There is not a Verona encounter with AC Milan that wouldn’t draw the attention of Italophile Joe Jordan, who had a life-changing experiences there playing for both in the 1980s. There will be heaps of added intrigue for the storied Scotland striker when the pair meet tomorrow night, though, thanks to the presence of countryman Liam Henderson in the home line-up.
Jordan, inset, believes that the 23-year-old midfielder is destined for international recognition as a result of his ability to carve out a successful career in the Mediterranean, helping Verona earn promotion to Serie A last season following a move from Bari.
Henderson’s assimilation extends to the former Celtic player now speaking fluent Italian. That feat proved more arduous early on for Jordan, who has nothing but the highest regard for how the midfielder has embraced life where he still watches football and holidays, the latter in part owed to his daughter having settled in Milan.
“I’ve seen him [Henderson] play and went a couple of times last year,” said the 67-year-old. “The move has worked out well for him. Verona is a beautiful city – the most beautiful city I have ever seen – and I think he is living on the lake in Peschiera [del Garda]. You don’t need to worry about Liam, he will be enjoying himself. He’s got it all out there and it’s a good club and he’s started well with a draw and a win.
“It will be a big learning curve for Liam now he’s a Serie A player. It is fantastic. It doesn’t happen as often as it did in my day but if you go there and face the challenge head on you will grow up quickly.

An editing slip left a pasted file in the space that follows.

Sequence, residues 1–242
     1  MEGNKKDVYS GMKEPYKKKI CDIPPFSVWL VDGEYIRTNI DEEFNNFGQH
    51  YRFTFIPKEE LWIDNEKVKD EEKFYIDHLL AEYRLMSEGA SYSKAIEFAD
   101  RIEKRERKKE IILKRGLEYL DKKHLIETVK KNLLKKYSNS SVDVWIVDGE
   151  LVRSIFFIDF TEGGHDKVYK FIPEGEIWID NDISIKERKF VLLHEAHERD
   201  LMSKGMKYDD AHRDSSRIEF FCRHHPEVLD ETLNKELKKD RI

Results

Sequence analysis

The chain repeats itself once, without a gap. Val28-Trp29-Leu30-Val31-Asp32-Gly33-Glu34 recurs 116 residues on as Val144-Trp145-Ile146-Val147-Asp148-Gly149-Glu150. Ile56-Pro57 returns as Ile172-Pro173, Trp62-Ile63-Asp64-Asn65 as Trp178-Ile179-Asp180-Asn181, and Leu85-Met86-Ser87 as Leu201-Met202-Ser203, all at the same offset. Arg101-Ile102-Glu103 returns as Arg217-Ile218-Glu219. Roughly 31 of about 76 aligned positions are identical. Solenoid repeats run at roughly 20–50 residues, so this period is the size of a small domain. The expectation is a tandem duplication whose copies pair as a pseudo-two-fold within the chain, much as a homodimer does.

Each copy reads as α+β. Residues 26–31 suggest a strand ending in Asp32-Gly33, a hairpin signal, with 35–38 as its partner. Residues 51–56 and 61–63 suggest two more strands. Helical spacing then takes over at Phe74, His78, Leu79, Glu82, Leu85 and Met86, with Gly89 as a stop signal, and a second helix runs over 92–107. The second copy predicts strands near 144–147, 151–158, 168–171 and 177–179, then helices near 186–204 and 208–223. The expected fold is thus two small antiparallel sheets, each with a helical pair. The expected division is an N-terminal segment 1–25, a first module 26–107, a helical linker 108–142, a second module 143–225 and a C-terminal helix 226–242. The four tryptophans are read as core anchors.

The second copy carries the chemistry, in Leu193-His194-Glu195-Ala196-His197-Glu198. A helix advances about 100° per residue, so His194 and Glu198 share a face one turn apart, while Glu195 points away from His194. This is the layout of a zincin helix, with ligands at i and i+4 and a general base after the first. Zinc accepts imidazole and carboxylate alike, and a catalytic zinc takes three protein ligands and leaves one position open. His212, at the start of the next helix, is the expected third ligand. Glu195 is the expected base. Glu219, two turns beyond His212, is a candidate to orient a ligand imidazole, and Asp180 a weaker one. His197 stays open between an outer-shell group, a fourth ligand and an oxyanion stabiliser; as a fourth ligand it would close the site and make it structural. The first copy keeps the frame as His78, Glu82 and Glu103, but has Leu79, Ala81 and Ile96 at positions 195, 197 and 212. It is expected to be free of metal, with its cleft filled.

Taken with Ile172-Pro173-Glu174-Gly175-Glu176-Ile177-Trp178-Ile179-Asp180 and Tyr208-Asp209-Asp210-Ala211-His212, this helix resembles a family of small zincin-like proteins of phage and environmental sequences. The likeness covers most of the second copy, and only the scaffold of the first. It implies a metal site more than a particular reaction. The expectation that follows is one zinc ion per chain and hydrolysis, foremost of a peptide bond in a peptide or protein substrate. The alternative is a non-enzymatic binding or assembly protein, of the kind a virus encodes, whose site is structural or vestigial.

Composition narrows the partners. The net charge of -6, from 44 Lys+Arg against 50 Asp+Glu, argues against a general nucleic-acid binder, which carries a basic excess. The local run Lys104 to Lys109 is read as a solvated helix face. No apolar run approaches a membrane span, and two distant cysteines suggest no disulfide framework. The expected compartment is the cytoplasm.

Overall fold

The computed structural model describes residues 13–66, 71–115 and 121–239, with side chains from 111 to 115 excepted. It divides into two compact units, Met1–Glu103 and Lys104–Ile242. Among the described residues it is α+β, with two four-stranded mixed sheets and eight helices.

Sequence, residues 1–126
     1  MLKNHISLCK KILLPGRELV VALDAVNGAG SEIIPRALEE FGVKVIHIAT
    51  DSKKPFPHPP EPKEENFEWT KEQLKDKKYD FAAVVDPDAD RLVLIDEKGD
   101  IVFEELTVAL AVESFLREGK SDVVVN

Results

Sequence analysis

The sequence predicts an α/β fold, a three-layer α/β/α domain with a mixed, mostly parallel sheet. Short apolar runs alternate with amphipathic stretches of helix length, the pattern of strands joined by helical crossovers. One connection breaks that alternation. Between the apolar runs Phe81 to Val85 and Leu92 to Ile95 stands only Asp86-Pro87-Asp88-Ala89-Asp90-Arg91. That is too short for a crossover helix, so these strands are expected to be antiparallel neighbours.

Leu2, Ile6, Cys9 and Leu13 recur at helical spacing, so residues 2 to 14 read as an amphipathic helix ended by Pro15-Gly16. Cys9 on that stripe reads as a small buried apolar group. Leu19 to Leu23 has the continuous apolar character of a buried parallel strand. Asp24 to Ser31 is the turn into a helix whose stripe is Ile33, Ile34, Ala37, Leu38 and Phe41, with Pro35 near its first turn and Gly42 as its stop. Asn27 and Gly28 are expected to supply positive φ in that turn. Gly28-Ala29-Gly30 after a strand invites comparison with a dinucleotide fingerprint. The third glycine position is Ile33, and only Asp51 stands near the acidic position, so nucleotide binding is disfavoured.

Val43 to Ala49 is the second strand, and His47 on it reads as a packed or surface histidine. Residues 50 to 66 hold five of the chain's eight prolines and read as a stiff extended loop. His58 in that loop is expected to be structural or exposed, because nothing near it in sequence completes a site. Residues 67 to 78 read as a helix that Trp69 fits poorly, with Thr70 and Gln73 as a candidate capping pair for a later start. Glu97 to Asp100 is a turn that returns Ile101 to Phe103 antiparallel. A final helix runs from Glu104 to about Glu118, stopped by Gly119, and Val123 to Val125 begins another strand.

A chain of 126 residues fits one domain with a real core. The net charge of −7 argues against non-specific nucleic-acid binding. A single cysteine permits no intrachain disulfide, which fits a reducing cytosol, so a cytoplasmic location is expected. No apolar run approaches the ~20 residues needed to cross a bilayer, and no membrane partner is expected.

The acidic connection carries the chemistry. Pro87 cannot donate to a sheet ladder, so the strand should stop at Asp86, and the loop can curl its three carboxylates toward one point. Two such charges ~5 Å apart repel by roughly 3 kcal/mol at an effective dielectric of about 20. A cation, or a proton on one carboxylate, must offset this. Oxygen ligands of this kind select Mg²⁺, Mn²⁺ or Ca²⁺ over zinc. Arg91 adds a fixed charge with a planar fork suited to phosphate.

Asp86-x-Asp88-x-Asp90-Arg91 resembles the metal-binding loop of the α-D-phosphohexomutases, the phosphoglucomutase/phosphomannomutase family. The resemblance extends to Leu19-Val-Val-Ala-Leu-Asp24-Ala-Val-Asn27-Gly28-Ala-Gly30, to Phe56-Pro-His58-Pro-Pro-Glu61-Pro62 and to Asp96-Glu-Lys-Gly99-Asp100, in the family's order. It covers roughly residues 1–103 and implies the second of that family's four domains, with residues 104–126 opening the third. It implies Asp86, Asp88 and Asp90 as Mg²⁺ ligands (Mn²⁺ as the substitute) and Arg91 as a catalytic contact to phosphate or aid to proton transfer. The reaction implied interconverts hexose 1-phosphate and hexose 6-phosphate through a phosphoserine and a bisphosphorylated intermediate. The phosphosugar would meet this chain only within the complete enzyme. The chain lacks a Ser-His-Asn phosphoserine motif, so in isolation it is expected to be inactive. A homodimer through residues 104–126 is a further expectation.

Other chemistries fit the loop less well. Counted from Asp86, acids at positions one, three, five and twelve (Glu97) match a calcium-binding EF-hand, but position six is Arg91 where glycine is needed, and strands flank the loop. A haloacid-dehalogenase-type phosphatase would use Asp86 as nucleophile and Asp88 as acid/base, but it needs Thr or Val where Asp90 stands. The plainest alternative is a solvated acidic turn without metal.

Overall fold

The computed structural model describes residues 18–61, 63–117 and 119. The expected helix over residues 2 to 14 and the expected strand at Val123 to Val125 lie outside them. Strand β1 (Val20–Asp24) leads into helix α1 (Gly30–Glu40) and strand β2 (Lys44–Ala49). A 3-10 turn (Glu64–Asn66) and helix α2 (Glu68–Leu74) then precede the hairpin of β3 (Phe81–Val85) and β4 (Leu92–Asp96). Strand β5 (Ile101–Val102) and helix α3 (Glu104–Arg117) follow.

“It says a lot about his technique and his character that he’s thrived in Italy and he is now a Serie A player. But survival will be seen as success for them this season.
“Without a doubt, Liam Henderson is a future Scotland international. Definitely, with the challenge he has taken on by going to Italy. There are talented players out there but the difficulty for them – especially in England – is getting game time. If you don’t play, as is happening to the top English players at big clubs, they have to go and find somewhere to play and prove to the coach of the national team they can do it.
“Liam has taken the right route. It’s not easy but it’s the right one. In Italy you have to be a good professional first and foremost but it’s clear he is a good, driven pro. If he had gone to Bari and he was not then he would not have got a second club in Italy.”